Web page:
Fortunately, parsing and generating the source code is trivial for my use case, especially the parse function from str is of help (see Rust API documentation - str - parse. It can parse a string into a TokenStream. Additionally my macro can only accept literals of unsigned values (like 2 or 1000). Since the input to a procedural function like macro is a TokenStream, this TokenStream can only represent what is given as argument. Assume you defined a constant (like const dim:usize = 1000;) and then called the macro (create_sequence(dim)), then the TokenStream is actually, and rightfully so, just dim with no option (at least to my knowing) to extract the value of dim from the TokenStream (here 1000). Therefore my macro is pretty straight-forward (especially since I omitted better error handling):

// rd_proc_macro/src/lib.rs

// I need the TokenStream, since it is required by
// the definitions of the procedural macro.
use proc_macro::TokenStream;
// I created another crate which creates the alphas for me.
// I plan to re-use this crate for other use cases.
use rd_alphas::create_alphas;

// Convert the dimension TokenStream to a string and then parse this into an usize
fn parse_dimension(dimension: TokenStream) -> usize {
    // parse the token stream as usize literal or panic
    let dim_string = dimension.to_string();
    dim_string.parse::<usize>().unwrap()
}

// create the static alphas array as Rust source code string
fn create_rd_alphas_array(dim: usize) -> String {
    // create a string from the alpha values
    let mut array_string = String::from("static ALPHAS:[f64; ");
    array_string.push_str(dim.to_string().as_str());
    array_string.push_str("] = [\r\n");
    let alphas = create_alphas(dim);
    for alpha in &alphas {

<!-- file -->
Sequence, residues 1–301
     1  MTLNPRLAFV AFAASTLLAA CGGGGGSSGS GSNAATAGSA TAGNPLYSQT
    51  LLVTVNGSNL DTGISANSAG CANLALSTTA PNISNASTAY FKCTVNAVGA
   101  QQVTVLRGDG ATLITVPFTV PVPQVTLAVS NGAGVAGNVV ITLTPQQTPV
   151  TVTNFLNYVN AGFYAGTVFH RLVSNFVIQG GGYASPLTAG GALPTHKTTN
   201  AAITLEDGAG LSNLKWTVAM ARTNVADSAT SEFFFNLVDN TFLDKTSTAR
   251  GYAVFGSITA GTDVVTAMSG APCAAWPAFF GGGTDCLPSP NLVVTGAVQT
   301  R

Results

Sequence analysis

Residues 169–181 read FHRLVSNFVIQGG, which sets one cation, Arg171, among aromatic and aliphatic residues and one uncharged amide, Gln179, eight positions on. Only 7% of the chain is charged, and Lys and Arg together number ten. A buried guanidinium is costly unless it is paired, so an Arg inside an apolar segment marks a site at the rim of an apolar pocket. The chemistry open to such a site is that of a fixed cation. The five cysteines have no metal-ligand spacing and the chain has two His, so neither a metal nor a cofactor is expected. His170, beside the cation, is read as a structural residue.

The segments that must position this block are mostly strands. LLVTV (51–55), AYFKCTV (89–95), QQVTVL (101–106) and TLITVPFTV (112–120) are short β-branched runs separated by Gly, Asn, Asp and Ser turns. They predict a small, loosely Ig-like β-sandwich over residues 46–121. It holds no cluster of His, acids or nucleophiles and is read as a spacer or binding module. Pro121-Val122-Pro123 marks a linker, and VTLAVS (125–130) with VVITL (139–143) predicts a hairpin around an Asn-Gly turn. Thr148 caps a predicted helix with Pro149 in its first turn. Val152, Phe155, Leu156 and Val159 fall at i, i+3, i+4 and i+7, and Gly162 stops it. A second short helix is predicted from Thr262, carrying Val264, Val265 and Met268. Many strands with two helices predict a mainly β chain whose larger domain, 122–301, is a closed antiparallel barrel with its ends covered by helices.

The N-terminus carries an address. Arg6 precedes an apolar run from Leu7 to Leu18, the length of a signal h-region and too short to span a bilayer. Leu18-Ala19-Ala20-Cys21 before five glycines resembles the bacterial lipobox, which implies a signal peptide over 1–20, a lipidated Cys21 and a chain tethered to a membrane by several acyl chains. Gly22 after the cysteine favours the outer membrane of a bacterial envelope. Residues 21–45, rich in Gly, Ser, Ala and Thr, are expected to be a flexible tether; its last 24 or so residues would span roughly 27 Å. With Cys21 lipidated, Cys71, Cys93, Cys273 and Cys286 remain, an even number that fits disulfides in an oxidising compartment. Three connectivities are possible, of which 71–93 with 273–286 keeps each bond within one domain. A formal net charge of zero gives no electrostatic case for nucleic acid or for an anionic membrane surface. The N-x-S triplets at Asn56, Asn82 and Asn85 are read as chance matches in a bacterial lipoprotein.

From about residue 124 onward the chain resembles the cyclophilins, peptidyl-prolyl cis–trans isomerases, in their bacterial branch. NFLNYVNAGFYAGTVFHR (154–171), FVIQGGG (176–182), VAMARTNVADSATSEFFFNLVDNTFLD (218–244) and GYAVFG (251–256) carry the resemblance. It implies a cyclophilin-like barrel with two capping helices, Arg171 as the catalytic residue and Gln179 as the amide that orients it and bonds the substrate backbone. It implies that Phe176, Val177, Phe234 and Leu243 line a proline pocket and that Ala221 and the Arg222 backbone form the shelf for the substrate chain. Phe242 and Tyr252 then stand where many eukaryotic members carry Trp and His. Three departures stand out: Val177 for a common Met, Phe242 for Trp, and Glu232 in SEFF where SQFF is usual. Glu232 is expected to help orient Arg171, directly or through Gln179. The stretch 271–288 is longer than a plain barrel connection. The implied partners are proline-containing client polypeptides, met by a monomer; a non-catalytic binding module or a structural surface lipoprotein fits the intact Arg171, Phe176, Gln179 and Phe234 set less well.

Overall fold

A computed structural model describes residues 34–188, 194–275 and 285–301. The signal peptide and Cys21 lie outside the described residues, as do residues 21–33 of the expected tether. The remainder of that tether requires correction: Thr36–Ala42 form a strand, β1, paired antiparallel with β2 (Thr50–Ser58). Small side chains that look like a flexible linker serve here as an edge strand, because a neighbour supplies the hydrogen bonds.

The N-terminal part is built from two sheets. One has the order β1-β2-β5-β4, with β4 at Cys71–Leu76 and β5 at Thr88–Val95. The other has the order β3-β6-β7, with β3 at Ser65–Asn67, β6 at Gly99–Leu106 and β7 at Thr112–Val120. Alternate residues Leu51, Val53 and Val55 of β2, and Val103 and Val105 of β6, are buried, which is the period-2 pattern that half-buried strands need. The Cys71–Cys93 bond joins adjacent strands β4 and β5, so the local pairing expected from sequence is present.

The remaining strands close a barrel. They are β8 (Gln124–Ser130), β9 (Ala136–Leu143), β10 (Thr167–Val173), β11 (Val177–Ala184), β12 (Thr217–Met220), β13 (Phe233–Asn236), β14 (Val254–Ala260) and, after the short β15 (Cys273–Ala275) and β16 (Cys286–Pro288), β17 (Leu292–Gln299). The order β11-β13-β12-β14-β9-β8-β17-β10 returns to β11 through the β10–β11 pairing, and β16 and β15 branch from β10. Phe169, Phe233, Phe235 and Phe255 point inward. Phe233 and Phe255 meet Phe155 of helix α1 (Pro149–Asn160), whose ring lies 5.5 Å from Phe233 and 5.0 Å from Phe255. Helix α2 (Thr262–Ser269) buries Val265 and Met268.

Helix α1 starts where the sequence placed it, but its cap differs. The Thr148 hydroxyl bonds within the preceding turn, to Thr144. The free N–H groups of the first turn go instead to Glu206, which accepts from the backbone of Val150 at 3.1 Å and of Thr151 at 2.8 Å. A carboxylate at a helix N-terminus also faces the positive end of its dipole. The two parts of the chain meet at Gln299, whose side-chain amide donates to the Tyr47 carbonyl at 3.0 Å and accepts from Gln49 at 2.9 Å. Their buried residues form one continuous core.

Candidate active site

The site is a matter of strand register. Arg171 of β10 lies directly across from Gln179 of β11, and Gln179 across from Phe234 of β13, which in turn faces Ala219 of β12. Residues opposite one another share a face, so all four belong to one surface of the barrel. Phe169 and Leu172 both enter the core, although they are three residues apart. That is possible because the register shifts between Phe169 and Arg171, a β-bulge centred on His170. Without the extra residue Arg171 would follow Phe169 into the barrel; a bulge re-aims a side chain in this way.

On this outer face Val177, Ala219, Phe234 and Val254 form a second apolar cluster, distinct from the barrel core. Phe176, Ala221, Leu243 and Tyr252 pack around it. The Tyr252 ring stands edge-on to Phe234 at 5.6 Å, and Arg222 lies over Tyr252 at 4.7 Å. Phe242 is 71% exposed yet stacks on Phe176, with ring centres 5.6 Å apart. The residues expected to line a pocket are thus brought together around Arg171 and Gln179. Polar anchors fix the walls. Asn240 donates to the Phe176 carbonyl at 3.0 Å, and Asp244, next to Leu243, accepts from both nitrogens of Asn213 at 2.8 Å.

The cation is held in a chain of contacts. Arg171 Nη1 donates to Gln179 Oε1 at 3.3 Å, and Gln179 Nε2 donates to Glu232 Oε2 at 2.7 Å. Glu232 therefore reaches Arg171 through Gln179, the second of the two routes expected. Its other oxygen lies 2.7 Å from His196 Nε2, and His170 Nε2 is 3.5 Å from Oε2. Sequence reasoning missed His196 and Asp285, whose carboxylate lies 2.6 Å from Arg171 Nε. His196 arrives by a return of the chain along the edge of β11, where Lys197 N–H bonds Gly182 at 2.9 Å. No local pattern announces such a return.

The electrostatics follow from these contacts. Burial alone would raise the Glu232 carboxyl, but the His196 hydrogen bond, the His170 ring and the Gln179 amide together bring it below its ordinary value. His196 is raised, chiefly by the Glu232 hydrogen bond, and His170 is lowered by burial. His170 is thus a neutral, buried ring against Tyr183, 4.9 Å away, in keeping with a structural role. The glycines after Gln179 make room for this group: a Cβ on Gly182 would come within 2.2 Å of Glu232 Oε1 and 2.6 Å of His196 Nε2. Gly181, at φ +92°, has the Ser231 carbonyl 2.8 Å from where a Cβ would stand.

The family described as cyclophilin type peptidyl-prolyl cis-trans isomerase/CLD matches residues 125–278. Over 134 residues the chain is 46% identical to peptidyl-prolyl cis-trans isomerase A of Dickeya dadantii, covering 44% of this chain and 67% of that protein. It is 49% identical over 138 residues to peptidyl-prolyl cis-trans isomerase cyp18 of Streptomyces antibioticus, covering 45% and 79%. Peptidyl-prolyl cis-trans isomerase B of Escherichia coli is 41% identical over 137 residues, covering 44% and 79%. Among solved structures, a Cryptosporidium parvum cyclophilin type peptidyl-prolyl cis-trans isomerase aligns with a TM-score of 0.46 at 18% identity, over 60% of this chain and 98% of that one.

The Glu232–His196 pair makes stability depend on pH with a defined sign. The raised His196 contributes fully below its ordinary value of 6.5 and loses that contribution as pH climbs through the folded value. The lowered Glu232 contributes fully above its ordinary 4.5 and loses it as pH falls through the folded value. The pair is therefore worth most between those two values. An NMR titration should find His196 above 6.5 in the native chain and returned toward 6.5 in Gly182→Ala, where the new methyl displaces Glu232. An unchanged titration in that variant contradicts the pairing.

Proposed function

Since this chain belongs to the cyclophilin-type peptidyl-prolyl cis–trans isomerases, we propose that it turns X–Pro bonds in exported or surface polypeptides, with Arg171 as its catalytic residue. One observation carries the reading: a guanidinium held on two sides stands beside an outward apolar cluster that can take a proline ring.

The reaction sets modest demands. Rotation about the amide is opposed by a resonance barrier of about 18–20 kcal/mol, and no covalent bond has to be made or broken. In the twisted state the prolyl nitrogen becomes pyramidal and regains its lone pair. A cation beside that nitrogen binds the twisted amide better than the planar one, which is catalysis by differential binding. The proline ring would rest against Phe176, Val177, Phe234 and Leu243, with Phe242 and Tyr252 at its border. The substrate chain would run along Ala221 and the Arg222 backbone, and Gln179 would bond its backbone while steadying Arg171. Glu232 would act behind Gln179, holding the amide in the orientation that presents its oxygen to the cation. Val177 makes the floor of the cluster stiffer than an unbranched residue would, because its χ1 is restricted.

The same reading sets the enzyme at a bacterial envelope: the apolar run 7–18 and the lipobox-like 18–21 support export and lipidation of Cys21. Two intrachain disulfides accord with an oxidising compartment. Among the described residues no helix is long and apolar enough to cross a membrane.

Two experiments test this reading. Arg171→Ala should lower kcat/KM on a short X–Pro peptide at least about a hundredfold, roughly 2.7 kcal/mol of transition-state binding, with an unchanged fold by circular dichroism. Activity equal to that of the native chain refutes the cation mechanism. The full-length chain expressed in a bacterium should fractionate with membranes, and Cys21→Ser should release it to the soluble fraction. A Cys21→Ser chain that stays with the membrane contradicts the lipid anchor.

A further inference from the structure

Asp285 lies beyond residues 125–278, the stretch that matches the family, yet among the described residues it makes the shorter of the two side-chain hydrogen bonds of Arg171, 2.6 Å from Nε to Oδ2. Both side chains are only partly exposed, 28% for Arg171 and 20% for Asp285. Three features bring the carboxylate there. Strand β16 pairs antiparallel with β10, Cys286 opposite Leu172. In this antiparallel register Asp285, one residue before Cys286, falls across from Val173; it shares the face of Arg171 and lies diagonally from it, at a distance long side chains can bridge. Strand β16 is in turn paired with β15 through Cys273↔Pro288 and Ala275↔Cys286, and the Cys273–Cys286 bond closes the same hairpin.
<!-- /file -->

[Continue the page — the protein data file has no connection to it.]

// a little bit of formatting here.
        array_string.push_str("\u{20}\u{20}\u{20}\u{20}");
        array_string.push_str(alpha.to_string().as_str());
        array_string.push_str(",\r\n");
    }
    array_string.push_str("];\r\n");
    array_string
}

#[proc_macro]
pub fn create_rd_alphas(dimension: TokenStream) -> TokenStream {
    let dim = parse_dimension(dimension);

    let array_string = create_rd_alphas_array(dim);

    // create the TokenStream output
    array_string.parse().unwrap()
}

And I can use this macro by, for example, calling create_rd_alphas!(2), to create a static, two dimensional array during compile time. For example, one of my integration tests could look like:

#[cfg(test)]
mod integration_tests {
    use rd_proc_macro::create_rd_alphas;

    #[test]
    fn test_proc_macro() {
        create_rd_alphas!(2);

        assert_eq!(0.7548776662466927, ALPHAS[0]);
        assert_eq!(0.5698402909980532, ALPHAS[1]);
    }
}

Important to note is, that the above code does only work with Rust 1.45, since before that, procedural function like macros could not be used as a statement. Fortunately this changed, see The Rust Blog - Rust-1.45.0 - Stabilizing function like procedural macros in expressions patterns and statements. This is a great improvement because otherwise a user of my library would first needed to call the macro (create_rd_alphas) in an item position and then create the sequence with another macro. Example:

// application_using_qrand_core/main.rs

// This can be done with a re-export.
// I will demonstrate re-exports below a little bit more
use qrand_core::create_rd_alphas;
// the create sequence macro, which "knows" that there is a static array named "ALPHAS"
use qrand_core::create_sequence;
// The trait which is the public interface of my sequence
use qrand_core::LowDiscrepancySequence;

// alphas are created in an item position
create_rd_alphas(5);
// I could also re-export and change the name to something less specific like create_sequence_data

fn main() {
    let sequence = create_sequence!();
    // sequence is used ...
}